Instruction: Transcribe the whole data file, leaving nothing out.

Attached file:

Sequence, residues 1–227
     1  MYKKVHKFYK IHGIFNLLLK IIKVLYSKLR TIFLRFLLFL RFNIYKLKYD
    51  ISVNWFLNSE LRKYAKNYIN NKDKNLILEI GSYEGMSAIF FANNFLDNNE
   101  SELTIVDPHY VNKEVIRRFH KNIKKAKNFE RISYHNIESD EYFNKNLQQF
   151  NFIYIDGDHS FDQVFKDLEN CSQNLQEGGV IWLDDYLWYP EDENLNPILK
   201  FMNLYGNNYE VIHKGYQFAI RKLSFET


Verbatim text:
Sequence, residues 1–227
     1  MYKKVHKFYK IHGIFNLLLK IIKVLYSKLR TIFLRFLLFL RFNIYKLKYD
    51  ISVNWFLNSE LRKYAKNYIN NKDKNLILEI GSYEGMSAIF FANNFLDNNE
   101  SELTIVDPHY VNKEVIRRFH KNIKKAKNFE RISYHNIESD EYFNKNLQQF
   151  NFIYIDGDHS FDQVFKDLEN CSQNLQEGGV IWLDDYLWYP EDENLNPILK
   201  FMNLYGNNYE VIHKGYQFAI RKLSFET